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New infant cranium from the African Miocene sheds light on ape evolution

Nengo, I; Tafforeau, P; Gilbert, CC; Fleagle, JG; Miller, ER; Feibel, C; Fox, DL; ... Spoor, F; + view all (2017) New infant cranium from the African Miocene sheds light on ape evolution. Nature , 548 (7666) pp. 169-174. 10.1038/nature23456. Green open access

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Abstract

The evolutionary history of extant hominoids (humans and apes) remains poorly understood. The African fossil record during the crucial time period, the Miocene epoch, largely comprises isolated jaws and teeth, and little is known about ape cranial evolution. Here we report on the, to our knowledge, most complete fossil ape cranium yet described, recovered from the 13 million-year-old Middle Miocene site of Napudet, Kenya. The infant specimen, KNM-NP 59050, is assigned to a new species of Nyanzapithecus on the basis of its unerupted permanent teeth, visualized by synchrotron imaging. Its ear canal has a fully ossified tubular ectotympanic, a derived feature linking the species with crown catarrhines. Although it resembles some hylobatids in aspects of its morphology and dental development, it possesses no definitive hylobatid synapomorphies. The combined evidence suggests that nyanzapithecines were stem hominoids close to the origin of extant apes, and that hylobatid-like facial features evolved multiple times during catarrhine evolution.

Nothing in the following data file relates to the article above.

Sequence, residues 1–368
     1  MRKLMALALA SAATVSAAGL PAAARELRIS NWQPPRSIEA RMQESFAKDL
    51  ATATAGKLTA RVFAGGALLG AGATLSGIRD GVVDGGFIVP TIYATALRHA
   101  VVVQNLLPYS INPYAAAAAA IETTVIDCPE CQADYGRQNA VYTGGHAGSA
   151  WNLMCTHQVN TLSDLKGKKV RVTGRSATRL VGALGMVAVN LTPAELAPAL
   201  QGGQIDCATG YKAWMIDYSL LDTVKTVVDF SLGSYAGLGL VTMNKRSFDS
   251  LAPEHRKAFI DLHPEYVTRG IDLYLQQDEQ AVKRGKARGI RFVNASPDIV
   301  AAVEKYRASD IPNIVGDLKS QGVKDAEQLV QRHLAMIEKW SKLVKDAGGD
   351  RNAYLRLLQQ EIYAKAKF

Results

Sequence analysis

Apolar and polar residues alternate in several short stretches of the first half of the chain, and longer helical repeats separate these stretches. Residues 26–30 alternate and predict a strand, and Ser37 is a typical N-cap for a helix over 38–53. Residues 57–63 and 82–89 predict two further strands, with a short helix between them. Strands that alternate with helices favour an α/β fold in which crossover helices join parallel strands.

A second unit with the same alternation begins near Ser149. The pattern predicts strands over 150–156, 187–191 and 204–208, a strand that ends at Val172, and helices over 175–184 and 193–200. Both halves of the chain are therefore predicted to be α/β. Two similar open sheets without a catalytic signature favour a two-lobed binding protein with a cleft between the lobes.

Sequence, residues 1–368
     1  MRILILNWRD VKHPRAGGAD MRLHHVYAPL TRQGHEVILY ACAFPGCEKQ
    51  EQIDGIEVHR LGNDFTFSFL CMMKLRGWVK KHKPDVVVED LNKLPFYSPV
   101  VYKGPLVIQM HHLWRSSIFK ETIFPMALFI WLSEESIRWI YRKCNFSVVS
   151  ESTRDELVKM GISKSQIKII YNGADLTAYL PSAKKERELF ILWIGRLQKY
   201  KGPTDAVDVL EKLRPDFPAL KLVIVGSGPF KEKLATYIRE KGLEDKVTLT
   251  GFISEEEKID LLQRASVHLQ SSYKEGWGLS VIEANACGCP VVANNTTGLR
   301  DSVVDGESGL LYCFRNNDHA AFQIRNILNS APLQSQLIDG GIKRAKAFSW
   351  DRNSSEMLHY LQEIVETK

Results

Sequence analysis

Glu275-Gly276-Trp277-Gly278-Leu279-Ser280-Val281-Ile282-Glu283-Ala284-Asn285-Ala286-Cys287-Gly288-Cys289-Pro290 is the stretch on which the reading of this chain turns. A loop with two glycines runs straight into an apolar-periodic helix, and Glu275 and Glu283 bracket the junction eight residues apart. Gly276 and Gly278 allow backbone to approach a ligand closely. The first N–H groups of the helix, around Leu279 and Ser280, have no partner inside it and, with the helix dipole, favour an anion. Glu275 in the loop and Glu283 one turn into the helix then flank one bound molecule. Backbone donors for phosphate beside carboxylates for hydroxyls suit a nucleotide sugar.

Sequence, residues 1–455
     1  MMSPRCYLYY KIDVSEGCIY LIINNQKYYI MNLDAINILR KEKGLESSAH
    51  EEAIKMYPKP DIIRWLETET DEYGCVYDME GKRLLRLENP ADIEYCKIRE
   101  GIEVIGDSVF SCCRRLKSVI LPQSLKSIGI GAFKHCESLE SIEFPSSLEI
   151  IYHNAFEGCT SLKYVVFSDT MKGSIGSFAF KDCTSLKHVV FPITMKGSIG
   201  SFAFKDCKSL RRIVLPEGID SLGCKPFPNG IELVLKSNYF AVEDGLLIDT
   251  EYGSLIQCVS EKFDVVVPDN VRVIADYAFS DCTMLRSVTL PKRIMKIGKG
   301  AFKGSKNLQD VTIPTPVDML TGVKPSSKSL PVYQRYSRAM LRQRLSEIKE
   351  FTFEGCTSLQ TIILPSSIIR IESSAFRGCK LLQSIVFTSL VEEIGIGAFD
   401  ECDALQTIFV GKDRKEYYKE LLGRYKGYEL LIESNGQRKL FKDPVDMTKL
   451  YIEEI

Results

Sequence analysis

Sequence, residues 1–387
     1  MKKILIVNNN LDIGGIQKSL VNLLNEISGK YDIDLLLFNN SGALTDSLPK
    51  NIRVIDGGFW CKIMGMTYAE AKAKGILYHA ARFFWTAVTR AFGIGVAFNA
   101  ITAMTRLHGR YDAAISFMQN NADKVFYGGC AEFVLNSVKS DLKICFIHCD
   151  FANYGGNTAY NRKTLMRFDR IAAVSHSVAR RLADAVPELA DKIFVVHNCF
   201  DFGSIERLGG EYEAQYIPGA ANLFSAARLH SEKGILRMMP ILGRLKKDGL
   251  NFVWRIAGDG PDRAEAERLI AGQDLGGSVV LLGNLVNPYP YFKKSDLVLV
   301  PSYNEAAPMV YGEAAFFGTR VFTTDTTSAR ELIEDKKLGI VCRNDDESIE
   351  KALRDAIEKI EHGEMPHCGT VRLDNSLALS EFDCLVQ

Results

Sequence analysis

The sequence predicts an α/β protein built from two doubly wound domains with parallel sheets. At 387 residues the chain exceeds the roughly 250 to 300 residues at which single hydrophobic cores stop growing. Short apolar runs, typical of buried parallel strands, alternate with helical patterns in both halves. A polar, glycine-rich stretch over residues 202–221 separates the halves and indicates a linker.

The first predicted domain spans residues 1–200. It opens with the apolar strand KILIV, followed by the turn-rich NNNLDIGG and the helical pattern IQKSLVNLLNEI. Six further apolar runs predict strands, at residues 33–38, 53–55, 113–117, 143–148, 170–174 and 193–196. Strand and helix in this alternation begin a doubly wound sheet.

Type: Article
Title: New infant cranium from the African Miocene sheds light on ape evolution
Open access status: An open access version is available from UCL Discovery
DOI: 10.1038/nature23456
Publisher version: http://dx.doi.org/10.1038/nature23456
Language: English
Additional information: This version is the author accepted manuscript. For information on re-use, please refer to the publisher’s terms and conditions.
Keywords: Biological anthropology, Palaeontology, Phylogenetics, Taxonomy
UCL classification: UCL > Provost and Vice Provost Offices
UCL > Provost and Vice Provost Offices > UCL SLASH
UCL > Provost and Vice Provost Offices > UCL SLASH > Faculty of SandHS > Dept of Anthropology
URI: http://discovery.ucl.ac.uk/id/eprint/1570349
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